But I know that if I hope be eligible for a car loan with the best possible interest rate for me, I want my credit rating to increase another 21 points before I apply.

What still holds my credit

In order to get these 21 points that I hope to win, I still have room for improvement. One of the biggest pieces of the credit puzzle is using credit, and mine stinks. In fact, my use of credit went from zero percent to 106 percent. Obviously, I am not following the advice that I have asked my readers to follow. I always advocate keep your credit usage at 30% or lesswhich means you should only use or keep a balance of 30% of the credit you have available.

When I got my new credit card at the store, I “might” have taken a shopping spree or two. Overspending is a bad habit with many credit card holders, and apparently I’m no exception. My available credit, which I have maximized, has the added benefit of interest – this is how my credit usage got above 100%, in case you were wondering. It’s not an improvement, but now I have the unique opportunity to reduce this usage and see how it improves my credit rating.

Using my card in the past six months I’ve only made the minimum payment each month. My credit usage will continue to be high until my balance is significantly lower or my balance is fully paid off. If I had taken more of the advice I give – like paying off my credit card balance in full each month – I would probably already see better results and a higher credit score.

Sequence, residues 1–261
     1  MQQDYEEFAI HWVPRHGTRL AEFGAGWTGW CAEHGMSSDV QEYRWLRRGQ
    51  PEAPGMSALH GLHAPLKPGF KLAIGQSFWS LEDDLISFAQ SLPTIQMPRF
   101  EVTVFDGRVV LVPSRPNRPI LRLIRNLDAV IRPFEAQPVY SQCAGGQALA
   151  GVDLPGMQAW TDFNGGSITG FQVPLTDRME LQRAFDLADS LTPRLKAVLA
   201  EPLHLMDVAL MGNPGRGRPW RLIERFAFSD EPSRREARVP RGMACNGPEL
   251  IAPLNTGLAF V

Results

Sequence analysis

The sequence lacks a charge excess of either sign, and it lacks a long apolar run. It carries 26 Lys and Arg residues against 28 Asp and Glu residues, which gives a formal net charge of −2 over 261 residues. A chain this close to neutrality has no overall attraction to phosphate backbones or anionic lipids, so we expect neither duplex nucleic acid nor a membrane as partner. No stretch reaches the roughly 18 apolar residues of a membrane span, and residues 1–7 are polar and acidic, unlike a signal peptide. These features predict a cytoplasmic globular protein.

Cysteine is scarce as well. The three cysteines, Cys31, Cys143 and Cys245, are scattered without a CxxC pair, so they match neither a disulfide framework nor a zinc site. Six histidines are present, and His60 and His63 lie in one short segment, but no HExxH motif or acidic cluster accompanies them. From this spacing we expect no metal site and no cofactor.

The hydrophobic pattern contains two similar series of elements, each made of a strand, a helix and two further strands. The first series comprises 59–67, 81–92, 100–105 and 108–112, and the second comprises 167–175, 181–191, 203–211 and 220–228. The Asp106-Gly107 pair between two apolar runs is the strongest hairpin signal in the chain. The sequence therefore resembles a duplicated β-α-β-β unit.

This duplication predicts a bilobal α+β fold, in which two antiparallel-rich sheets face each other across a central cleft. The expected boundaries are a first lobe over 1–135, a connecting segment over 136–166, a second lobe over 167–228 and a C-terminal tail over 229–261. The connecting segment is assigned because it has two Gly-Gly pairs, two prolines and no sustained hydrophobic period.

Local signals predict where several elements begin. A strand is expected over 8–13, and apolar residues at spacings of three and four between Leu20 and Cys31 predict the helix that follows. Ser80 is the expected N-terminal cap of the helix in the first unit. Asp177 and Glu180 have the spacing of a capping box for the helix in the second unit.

Stay with me, things are getting better

The best advice I can give you at this point is that the credit improvement tips we write about the job. The more you follow them, the better your results will be. Of course, there are many factors that go into building your credit and your results will vary.

For me, past missteps play a huge role in my personal credit situation. This is something that I learned and that I am catching up with now. The good thing about credit, however, is that you can always improve it if it’s going down. The process won’t happen overnight, and there are many ways to increase your credit, depending on your situation.

I will continue to work to reduce my credit usage and start save for a down payment, because when I reach my goal, I plan to apply for a car loan. Since my score is still not going to be great and I have never financed a car before, I will probably need a subprime auto loan. The good news is that a car loan can be a great building block for credit improvement.

If you’re in this boat with me, see what Express auto loan can do for you. Not only do we offer great auto financing tips and advice, but we can also help you connect with the resources you need to get one. You can connect with a local car dealership near you to start your own credit improvement journey.

So stay with me, readers, as I continue on this credit improvement journey. I’ll keep you posted along the way.